Polyclonal Antibodies

What are polyclonal antibodies (pAbs)?

Polyclonal antibodies (pAbs) are a complex mixture of various antibodies that are usually produced by different clones of B cells from an animal. These antibodies recognize and bind to many different epitopes on a single antigen and thus can form networks with the antigens.

How are polyclonal antibodies generated?

Antigen preparation

The quality and quantity of the antigen used directly affect the immune response. Even small amounts of impurities will cause the antibodies to react more to the impurity than to the desired antigen. Too little or too much antigen can cause sensitization, suppression, or other unwarranted immunomodulatory effects. Therefore, antigen purification is a crucial process to achieve higher antibody specificity.

The antigen must be prepared under sterile conditions to ensure that it is free from endotoxins. The amount of antigen depends on several factors, such as the properties of the particular antigen, the animal species chosen, the route of injection, the frequency of injection, and the level of purity of the antigen.

Selection of animal species

Factors that influence the choice of animal species are the amount of pAb required, the phylogenetic relationship between the animal and the antigen, the age of the animal, the ease of obtaining blood samples, and the application in which the pAb is used.

Animal species commonly used in the laboratory are rabbits, rats, mice, guinea pigs, hamsters, goats, chickens, and sheep. Rabbits are preferred due to their size and relatively long lifespan. However, to produce higher amounts of pAbs, farm animals such as goats, sheep, and horses are used.

Vaccination protocol

The immunization protocol differs for different animal species. Adjuvants are compounds that are used as a form of stimulation in cases where the induced immune response would otherwise be inadequate. The most widely used adjuvant for the production of pAbs is Freund’s complete adjuvant (FCA).

FCA induces high antibody titers against most types of antigens. However, care must be taken that FCA is not over-administered. FCA use should be limited to one-time use, as FCA can cause serious tissue damage. The smallest volume of an antigen capable of inducing an effective immune response is injected into the animal. However, the route of injection depends on the nature of the antigen and the animal used. The antigen can be injected as a single volume or several low volumes at different sites.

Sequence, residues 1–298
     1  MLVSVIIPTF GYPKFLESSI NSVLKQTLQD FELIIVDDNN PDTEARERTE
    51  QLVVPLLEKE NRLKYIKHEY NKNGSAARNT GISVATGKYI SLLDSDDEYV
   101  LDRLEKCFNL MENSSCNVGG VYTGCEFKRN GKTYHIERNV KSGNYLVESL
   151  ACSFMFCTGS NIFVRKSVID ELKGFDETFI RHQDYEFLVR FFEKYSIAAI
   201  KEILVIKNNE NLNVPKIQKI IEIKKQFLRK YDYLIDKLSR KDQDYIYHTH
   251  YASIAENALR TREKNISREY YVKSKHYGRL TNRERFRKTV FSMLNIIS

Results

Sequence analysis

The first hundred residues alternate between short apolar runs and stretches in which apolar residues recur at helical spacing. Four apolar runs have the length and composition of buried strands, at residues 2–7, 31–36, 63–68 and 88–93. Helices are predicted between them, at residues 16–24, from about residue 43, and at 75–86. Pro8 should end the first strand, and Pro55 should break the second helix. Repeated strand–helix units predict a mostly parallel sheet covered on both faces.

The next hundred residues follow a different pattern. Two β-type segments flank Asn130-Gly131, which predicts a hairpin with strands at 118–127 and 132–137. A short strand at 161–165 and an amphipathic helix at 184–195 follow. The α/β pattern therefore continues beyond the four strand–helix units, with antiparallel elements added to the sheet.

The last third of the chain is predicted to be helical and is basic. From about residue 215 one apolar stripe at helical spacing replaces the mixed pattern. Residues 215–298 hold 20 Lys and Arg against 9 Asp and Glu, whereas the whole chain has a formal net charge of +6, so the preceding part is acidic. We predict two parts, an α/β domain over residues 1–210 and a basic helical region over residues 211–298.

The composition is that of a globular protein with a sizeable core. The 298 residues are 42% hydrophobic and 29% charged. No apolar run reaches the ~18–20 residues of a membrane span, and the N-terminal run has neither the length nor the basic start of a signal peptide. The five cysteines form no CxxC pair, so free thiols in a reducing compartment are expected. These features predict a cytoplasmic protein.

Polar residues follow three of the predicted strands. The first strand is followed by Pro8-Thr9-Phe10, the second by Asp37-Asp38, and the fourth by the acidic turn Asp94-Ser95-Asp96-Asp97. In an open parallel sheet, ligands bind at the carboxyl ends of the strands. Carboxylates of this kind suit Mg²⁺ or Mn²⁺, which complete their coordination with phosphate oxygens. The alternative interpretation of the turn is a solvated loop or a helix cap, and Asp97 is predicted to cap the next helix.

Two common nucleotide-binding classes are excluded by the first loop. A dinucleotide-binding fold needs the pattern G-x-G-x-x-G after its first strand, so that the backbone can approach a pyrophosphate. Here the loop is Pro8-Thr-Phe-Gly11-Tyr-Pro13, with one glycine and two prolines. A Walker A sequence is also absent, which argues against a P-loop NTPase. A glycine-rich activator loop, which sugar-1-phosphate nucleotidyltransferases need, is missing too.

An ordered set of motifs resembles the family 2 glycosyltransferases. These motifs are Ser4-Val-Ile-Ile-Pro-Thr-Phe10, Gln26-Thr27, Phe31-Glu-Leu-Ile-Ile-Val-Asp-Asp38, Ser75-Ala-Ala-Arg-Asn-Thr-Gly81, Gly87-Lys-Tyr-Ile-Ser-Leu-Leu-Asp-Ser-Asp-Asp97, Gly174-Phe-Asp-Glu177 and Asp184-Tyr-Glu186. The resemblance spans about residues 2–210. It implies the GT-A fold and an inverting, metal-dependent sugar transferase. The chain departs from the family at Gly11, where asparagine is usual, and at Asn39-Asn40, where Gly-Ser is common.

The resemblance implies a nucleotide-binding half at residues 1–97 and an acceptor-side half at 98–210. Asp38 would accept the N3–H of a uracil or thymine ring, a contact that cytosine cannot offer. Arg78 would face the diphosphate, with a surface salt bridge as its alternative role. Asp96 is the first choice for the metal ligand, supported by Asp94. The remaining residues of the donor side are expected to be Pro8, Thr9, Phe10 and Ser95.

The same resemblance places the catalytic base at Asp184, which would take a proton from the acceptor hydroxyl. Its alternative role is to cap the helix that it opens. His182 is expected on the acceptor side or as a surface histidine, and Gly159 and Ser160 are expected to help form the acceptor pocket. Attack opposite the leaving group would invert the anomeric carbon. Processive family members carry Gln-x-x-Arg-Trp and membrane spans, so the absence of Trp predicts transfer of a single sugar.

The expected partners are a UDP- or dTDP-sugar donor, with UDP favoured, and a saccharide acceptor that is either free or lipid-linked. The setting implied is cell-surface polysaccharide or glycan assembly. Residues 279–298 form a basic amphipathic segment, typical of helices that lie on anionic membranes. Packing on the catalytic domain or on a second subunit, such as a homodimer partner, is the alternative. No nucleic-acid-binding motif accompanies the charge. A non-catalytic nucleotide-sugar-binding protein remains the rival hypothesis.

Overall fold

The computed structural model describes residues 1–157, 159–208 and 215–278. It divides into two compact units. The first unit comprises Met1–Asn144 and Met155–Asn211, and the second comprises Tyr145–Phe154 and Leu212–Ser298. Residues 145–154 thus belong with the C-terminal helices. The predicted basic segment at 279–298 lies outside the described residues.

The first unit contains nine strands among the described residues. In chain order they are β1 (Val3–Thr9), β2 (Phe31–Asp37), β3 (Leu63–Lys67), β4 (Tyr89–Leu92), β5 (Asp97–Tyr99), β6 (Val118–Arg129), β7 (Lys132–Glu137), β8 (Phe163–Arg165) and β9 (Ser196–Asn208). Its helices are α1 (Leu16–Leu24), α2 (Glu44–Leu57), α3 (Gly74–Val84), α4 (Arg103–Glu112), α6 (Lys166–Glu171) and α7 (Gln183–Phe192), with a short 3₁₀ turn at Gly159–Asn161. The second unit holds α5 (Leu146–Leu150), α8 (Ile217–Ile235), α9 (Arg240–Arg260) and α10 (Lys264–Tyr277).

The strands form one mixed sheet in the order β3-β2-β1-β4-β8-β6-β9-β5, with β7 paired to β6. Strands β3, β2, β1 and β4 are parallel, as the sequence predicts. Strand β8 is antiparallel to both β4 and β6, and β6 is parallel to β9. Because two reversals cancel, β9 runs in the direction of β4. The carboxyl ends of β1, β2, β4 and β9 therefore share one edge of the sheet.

Booster injections are given if the antibody titer concentration has reached a plateau or is declining. Such injections do not always require an adjuvant, and very small amounts of the antigen are sufficient to enhance antibody concentration. A maximum of three booster injections is recommended.

Post-immunization observation

Animals are monitored daily for side effects of immunization and bled at regular intervals. Serum from animals is tested to monitor antibody responses and extract antibodies when a sufficient amount is produced.

Advantages of polyclonal antibodies

This is a relatively inexpensive process and can be used to isolate large quantities of an antibody in a single extraction. PAbs are a heterogeneous mixture of antibodies that can bind to a wide range of antigenic epitopes. Therefore, a small change in the epitopes of an antigen is less likely to affect pAbs. These antibodies are very stable over a wide range of salt concentrations and pH values.

Disadvantages of polyclonal antibodies

The affinity of pAbs for antigens can change over time, leading to a lot of lot-to-lot variabilities. Furthermore, the amount of pAbs produced is limited by the size and lifespan of the animal. The purity and concentration levels of a specific antibody are lower in pAbs than in monoclonal antibodies.

How are polyclonal antibodies used?

pAbs have a wide range of applications, including diagnostic tests and qualitative and quantitative biological analyses. For example, pAbs are used in immunofluorescence and immunohistochemical techniques such as sandwich ELISAs to detect tumour markers and other proteins of interest. pAbs are also used for mediating or modulating purposes, such as in immunotherapy, active signalling, or for neutralizing activities. An example of this is the use of pAbs in the treatment of Digoxin Immune Fab in fatal digoxin toxicity.

pAbs such as Rho (D) immunoglobulin are injected into mothers with negative Rhesus blood group to prevent hemolytic disease in a newborn. Rho (D) is produced from a pool of human plasma collected from Rhesus negative donors who have antibodies against the D antigen (present on red blood cells). pAbs also find applications in histopathological analyzes employing immunoperoxidase staining. In addition to these applications, pAbs are used in immunoaffinity purification for the purification or enrichment of antigens.

Recombinant pAbs are used in cancer therapy due to their ability to target multiple tumour cells compared to monoclonal antibodies. Although monoclonal antibodies are widely used in cancer therapy, relapse is common due to the appearance of tumour cells that are resistant to the antibody. By using pAbs, various recombinant antibodies can be developed that cross-react with different types of cancer.

The way forward shows the use of recombinant pAbs to minimize unnecessary polyreactivity as seen when using traditional pAbs. The use of pAbs in different assays not only leads to high throughput but can also be used to develop antibodies specific for human gene products that are also renewable.